Business clarity in uncertain times

65
Business Clarity summit

Dorset’s business leaders came together recently to discuss the future of the economy. Billed as ‘Business Clarity in Uncertain Times’ the event included guest speakers and featured a Question Time style debate.

Held at Bournemouth’s newest hotel, the towering Hilton, the event was designed to guide decision-makers and clarify their view of this future to their business against a background of uncertainty and change.

Brexit, export opportunities, addressing skills shortages, business rates and the Budget, all came under the spotlight.

The event was hosted by three major players in the Dorset economy, accountancy, investment management and tax group Smith & Williamson, solicitors Steele Raymond and the NatWest.

Presentations were made by NatWest Markets currency strategist Paul Robson, Steele Raymond Chairman Tim Stone and Smith & Williamson senior partner Chris Appleton.

This was followed by questions from the audience to a panel of experts including the three main speakers and NatWest Corporate and Commercial Regional Director Dan Salanson.

The session was hosted by Daily Echo Business Editor Darren Slade.

NatWest Markets strategist Paul Robson spoke of fiscal uncertainty and a slowing economy.

He said: “The problem with uncertainty is that is restricts growth and the ability to invest. That is fundamental to the development of SMEs, which are the backbone of the UK economic recovery. Business craves clarity and this might be in short supply over the next couple of years.”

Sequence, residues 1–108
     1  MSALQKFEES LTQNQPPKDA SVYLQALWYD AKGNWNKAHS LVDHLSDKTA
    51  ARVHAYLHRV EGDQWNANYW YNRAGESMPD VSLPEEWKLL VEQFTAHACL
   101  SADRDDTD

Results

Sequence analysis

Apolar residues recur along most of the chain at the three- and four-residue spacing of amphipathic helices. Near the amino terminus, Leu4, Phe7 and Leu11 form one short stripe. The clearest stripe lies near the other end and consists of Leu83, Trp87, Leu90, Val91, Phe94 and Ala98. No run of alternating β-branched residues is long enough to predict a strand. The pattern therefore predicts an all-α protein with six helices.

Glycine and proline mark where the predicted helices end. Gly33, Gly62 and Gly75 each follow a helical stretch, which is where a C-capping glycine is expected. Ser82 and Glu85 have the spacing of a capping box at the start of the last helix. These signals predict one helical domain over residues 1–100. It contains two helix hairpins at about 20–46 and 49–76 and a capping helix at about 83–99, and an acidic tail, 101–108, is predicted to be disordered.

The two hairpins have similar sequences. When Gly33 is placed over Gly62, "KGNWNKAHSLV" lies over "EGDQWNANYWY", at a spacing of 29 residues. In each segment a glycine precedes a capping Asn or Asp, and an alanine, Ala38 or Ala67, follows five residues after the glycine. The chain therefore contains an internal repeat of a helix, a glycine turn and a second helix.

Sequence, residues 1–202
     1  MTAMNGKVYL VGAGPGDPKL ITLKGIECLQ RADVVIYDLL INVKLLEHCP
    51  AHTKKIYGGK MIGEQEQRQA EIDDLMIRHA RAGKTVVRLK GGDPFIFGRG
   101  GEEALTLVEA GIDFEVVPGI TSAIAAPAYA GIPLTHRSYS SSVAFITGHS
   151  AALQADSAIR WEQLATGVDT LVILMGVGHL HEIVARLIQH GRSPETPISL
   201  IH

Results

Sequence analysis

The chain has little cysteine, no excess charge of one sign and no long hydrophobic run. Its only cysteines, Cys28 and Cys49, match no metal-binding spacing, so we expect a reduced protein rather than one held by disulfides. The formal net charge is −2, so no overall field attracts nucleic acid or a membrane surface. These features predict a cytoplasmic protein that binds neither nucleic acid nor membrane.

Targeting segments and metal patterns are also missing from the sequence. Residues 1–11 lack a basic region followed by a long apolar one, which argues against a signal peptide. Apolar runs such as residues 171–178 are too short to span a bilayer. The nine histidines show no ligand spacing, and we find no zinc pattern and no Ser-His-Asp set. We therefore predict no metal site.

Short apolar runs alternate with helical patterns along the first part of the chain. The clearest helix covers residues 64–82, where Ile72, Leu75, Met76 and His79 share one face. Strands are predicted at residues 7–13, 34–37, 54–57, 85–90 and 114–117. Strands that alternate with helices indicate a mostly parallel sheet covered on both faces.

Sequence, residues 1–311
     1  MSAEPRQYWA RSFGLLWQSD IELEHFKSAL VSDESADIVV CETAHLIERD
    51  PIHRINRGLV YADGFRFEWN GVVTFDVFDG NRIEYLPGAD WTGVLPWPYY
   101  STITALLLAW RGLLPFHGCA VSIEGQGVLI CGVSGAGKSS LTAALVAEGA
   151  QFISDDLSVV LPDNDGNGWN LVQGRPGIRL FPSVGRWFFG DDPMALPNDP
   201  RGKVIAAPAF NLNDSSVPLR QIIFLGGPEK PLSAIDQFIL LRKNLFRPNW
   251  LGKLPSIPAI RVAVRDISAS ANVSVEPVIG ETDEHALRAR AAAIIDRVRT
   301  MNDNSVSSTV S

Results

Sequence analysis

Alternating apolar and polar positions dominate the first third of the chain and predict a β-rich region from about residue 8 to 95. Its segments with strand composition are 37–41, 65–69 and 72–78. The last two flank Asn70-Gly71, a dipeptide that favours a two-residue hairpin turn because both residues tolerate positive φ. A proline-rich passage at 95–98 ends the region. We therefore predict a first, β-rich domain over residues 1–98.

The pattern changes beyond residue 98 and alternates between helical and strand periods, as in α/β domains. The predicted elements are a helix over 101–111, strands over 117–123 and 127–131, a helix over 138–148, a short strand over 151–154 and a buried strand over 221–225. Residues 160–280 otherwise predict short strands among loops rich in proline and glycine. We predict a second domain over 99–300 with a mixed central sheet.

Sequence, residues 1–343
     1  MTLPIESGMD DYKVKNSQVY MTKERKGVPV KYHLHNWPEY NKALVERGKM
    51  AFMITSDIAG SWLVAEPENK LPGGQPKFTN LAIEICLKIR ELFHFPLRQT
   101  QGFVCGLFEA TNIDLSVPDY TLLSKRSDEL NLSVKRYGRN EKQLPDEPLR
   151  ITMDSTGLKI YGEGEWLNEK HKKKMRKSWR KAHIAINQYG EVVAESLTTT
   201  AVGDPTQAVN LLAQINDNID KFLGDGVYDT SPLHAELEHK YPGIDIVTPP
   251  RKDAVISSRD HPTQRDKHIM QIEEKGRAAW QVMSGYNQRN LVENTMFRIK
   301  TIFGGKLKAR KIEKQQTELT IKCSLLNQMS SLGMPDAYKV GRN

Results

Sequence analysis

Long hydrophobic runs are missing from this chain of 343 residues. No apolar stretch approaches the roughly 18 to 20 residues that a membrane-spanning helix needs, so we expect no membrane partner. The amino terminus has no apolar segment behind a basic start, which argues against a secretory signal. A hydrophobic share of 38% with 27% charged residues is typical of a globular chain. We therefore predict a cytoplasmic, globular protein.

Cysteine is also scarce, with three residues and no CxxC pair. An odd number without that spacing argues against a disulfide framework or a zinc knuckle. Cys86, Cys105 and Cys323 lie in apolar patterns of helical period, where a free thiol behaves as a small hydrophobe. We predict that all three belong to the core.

Steele Raymond chairman Tim Stone reflected on why some businesses thrived and others withered.

He said: “What research shows us is that the best brands in the world have weathered economic storms and uncertainty because they’ve continued to invest in their business, in marketing and in business development – put simply, they haven’t stood still.”

Smith & Williamson senior partner Chris Appleton said the idea of the event was to pull three well-known organisations together to pool experiences and help businesses to see their way through a very complex set of circumstances.

He added: “Research by the ScaleUp Institute highlights six critical areas which seem to hold back British businesses.  In our experience two key areas would be the absence of leadership experienced in delivering successful scale-up growth coupled with significant shortages in skilled and trained people. Skills shortage is, right now, a significant factor in Bournemouth and Poole.”

At the Q&A session the panel and audience debated Chancellor Philip Hammond’s first Budget, what Brexit would mean for British trade and overseas workers, how uncertainty was affecting job market movement and the future of the financial services industry.